One of the challenges facing social scientists is that our understanding of how social and political processes operate and what their consequences are has lost some of its predictive power, such as our failure to predict election outcomes. This phenomenon raises questions of whether theories and models developed in the past – among a different generation living in a different cultural and technological setting – apply in the current environment. Concurrently, the abundance of online, social media data provides the social scientists with great opportunities to understand today’s social and political phenomena. To use such opportunities, however, important issues on how to process and use social media need to be addressed. Such issues include whether social media users are representative of the population at large and whether they are honest and open, as well as whether the collection and processing of data are unbiased and accurate to allow the construction of inferences about populations.
The research team will carry out a few parallel projects with the unifying theme of integrating geospatial, social media and spatial data to address research and methodological questions. One project is about communication patterns and their effects on political choices and behavior in the 2016 presidential election. The second project investigates online and Twitter communication about parenting information and misinformation. A third project will investigate a variety of methodological issues associated with inferences drawn from probability-based and nonprobability-based social surveys and from social media. The three projects will employ methods of cross-validation of survey data, social media, and administrative records and investigate the social network dynamics of elites and the general public. The research team will develop procedures for extracting meaning from large collections of text to connect with public attitudes about important political and policy issues of the day. They will also develop visualization techniques for dimensionality reduction, while expanding upon existing systems for data mining and statistical inference.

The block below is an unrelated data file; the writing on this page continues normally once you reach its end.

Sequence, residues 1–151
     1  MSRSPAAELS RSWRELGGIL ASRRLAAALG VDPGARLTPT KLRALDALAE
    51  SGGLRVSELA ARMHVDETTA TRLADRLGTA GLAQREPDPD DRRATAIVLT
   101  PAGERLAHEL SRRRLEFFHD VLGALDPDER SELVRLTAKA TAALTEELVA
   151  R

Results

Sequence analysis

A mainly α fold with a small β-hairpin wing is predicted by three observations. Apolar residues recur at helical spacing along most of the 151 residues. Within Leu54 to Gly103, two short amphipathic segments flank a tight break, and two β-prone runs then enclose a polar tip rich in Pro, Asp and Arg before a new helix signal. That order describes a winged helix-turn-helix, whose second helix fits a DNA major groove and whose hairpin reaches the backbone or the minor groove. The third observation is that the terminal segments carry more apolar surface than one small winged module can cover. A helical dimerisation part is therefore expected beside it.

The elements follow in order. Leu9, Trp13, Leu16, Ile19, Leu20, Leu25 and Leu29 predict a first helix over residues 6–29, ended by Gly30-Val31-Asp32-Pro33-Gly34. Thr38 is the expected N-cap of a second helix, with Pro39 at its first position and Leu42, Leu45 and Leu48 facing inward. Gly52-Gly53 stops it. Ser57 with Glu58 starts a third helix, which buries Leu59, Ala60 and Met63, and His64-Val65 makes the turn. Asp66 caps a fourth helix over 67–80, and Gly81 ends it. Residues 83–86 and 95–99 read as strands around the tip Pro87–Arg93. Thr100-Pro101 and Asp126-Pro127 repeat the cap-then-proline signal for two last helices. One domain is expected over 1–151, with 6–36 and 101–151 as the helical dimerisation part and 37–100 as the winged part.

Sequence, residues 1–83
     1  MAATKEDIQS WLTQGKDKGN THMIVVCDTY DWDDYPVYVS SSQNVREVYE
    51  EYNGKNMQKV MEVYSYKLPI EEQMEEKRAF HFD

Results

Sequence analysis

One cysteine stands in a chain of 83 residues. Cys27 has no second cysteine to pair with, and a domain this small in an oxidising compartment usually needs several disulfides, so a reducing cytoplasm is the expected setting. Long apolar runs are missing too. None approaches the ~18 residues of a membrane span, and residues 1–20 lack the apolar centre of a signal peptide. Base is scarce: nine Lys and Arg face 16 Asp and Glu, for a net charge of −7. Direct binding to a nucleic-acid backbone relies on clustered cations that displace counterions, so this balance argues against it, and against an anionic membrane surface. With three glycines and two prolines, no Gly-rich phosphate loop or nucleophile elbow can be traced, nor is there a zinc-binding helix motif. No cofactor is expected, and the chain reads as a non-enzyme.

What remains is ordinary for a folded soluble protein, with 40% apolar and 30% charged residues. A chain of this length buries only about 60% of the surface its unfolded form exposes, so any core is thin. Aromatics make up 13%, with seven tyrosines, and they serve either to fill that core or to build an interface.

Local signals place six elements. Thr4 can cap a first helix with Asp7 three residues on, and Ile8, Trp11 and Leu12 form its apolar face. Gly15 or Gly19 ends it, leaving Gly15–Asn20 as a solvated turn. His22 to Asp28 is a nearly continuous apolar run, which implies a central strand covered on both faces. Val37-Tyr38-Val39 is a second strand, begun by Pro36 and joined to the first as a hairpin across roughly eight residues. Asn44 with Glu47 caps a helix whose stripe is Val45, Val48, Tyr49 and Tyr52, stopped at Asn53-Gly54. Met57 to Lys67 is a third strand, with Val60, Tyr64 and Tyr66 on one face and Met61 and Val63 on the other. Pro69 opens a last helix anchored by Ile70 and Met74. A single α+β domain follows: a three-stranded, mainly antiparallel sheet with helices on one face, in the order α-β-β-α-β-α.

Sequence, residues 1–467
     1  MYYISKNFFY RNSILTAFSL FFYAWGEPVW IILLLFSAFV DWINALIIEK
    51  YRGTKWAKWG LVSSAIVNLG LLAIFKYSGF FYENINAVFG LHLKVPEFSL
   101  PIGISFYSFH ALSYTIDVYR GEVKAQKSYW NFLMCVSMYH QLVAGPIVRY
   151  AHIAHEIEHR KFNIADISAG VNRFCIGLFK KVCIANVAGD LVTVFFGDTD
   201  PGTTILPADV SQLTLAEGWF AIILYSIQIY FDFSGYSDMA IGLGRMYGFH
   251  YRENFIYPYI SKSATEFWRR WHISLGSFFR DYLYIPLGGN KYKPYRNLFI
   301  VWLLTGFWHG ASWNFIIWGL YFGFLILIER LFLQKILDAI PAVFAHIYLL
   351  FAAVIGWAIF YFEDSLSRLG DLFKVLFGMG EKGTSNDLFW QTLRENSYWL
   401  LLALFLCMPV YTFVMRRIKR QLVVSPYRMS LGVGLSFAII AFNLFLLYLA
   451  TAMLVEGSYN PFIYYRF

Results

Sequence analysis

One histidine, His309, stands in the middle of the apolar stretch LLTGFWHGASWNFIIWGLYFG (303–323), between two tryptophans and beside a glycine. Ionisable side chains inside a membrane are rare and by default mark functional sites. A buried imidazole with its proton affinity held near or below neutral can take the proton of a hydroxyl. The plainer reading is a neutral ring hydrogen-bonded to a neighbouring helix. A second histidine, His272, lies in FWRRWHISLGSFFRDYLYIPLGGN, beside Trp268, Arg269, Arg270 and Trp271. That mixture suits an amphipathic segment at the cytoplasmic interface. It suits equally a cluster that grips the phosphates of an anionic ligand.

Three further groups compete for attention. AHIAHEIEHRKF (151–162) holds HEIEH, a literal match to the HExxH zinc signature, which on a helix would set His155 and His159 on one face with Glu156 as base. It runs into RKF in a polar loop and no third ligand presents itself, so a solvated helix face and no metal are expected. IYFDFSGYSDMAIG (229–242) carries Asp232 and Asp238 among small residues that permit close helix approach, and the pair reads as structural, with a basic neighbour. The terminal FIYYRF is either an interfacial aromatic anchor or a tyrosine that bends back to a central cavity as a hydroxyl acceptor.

The project is a collaboration between researchers from multiple units at the University of Michigan and at Georgetown University, and the team will also engage researchers at Gallup. This set of projects will become the locus for multidisciplinary efforts between social scientists, computer scientists, and statisticians at both institutions, and each university will become the locus for future extended work of this kind. The data science tools developed through this set of projects will also have wide application to other research questions in social science.
Michael Traugott, Principal Investigator, Research Professor, Institute for Social Research
Trivellore Ragunathan, Professor, Department of Biostatistics and Institute for Social Research
Leticia Bode, Associate Professor, Communication, Culture and Technology Program, Georgetown University
Ceren Budak, Assistant Professor, School of Information